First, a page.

Busulfan is a myeloablative agent that is used in combination with cyclophosphamide as a preparative regimen for bone marrow transplantation; high-dose busulfan can be used as a substitute for total body irradiation. The therapeutic window for busulfan is narrow, and the drug exhibits large pharmacokinetic variation (1). Overexposure to the drug produces toxic effects, including sinusoidal obstruction syndrome and gastrointestinal mucositis. Underexposure can cause relapse of the disease and/or graft rejection. This case described by Johnson-Davis et al. gives an excellent example of the role for busulfan monitoring in patient care and highlights 2 important points for therapeutic drug monitoring (TDM)—the role of TDM in individualized medicine and the importance of sample collection and handling.
Although pharmacogenomics continues to be the focus of discussions about personalized medicine, it is important to remember that nongenetic factors play a large role in drug disposition as well. In this particular case, busulfan is a substrate of cytochrome P450 3A4, and therefore its pharmacokinetics will be dependent to some degree on the genetic variation in this enzyme. This case, however, illustrates how drug–drug interactions and body composition can cause pharmacokinetic variation. These factors cannot be predicted from genetic analysis. Because of the influence of these nongenetic factors, TDM is needed for optimization (or personalization) of pharmacotherapy.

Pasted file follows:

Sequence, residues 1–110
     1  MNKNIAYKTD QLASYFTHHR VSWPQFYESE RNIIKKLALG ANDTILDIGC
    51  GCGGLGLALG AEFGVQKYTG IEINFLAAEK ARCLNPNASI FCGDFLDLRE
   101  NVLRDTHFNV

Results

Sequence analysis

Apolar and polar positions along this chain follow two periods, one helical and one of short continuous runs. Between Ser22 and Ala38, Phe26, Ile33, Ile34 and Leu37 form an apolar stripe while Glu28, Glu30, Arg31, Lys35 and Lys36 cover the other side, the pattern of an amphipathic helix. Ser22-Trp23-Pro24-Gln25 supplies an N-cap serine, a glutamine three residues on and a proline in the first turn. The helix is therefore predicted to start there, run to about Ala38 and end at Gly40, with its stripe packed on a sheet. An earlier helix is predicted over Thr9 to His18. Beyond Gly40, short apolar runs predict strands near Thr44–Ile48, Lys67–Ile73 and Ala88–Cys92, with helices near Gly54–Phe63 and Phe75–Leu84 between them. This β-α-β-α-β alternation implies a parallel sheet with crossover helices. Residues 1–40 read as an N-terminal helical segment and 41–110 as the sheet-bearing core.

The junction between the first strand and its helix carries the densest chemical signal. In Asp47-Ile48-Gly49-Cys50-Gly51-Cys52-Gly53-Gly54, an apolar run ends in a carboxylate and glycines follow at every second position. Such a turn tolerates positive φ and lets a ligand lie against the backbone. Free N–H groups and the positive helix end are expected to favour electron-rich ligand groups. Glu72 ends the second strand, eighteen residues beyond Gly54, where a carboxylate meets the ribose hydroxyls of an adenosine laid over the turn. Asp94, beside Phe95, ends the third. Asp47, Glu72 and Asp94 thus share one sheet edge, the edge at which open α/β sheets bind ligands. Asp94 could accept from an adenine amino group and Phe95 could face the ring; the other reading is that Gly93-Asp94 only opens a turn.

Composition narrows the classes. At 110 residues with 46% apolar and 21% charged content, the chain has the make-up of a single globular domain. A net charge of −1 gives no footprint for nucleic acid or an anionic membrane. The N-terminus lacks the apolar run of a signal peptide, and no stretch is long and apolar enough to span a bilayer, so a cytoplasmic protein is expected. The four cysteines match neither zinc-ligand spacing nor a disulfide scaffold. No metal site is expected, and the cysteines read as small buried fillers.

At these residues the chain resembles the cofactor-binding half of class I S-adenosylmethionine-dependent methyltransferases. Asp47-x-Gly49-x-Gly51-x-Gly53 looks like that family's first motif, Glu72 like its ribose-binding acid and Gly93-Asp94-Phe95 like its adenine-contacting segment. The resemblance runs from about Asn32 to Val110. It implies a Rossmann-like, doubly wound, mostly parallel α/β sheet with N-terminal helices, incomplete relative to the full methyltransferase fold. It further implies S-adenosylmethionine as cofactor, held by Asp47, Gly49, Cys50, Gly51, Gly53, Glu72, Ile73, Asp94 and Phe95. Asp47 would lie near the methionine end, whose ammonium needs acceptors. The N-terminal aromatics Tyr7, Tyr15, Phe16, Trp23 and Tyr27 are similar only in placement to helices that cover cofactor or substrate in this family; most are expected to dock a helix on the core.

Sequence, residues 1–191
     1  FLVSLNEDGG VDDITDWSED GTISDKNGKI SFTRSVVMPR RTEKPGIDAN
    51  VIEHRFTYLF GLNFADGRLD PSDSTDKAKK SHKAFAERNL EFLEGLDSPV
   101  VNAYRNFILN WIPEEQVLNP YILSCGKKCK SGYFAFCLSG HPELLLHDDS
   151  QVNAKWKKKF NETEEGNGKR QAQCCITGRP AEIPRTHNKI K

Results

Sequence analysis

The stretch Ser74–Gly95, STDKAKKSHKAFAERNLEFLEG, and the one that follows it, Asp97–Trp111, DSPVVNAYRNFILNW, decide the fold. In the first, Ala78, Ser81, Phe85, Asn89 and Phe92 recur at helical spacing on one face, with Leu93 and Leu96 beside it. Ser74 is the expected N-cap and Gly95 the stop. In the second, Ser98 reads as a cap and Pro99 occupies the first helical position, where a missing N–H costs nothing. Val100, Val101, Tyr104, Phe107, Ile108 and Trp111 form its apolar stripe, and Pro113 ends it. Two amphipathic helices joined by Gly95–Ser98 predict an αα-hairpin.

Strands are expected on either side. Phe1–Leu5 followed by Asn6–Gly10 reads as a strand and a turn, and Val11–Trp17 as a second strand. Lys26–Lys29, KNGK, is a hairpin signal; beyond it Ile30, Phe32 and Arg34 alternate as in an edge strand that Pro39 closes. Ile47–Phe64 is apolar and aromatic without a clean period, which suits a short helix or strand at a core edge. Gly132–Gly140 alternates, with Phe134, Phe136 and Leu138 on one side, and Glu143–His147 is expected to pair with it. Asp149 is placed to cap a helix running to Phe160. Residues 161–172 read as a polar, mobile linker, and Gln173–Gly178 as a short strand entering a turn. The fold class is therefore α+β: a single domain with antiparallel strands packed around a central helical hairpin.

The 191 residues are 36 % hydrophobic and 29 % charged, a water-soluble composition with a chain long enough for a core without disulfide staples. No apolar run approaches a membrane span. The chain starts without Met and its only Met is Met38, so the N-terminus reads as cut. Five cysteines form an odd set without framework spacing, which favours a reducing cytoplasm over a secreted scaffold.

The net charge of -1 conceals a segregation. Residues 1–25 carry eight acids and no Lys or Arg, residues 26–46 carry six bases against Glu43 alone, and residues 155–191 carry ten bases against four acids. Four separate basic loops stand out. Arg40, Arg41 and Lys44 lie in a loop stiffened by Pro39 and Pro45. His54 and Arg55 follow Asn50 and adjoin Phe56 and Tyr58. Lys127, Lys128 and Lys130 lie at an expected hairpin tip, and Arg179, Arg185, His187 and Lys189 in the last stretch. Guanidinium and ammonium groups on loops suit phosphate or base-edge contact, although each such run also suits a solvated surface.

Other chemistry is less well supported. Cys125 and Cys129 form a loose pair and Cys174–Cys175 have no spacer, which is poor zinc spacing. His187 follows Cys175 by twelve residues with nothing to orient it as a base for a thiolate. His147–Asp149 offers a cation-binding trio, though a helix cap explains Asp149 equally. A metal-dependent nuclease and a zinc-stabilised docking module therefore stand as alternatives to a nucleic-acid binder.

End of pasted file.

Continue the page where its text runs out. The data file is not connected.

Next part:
This case also illustrates the importance of sample collection and timing in TDM. When a sample is collected before the drug concentration in the patient reaches a steady state, dosage adjustments will be made with flawed information, in this case underestimating the patient’s exposure to busulfan and increasing the dose unnecessarily. Another important consideration is sample handling and the stability of the analyte. Busulfan is unstable at room temperature, and samples must be placed on ice immediately after collection and then stored at −20 °C until analysis (2). Failure to follow these guidelines will produce an underestimate of patient exposure, and potential overdosing of the patient.
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Authors’ Disclosures of Potential Conflicts of Interest: No authors declared any potential conflicts of interest.
Role of Sponsor: The funding organizations played no role in the design of study, choice of enrolled patients, review and interpretation of data, or preparation or approval of manuscript.
- © 2010 The American Association for Clinical Chemistry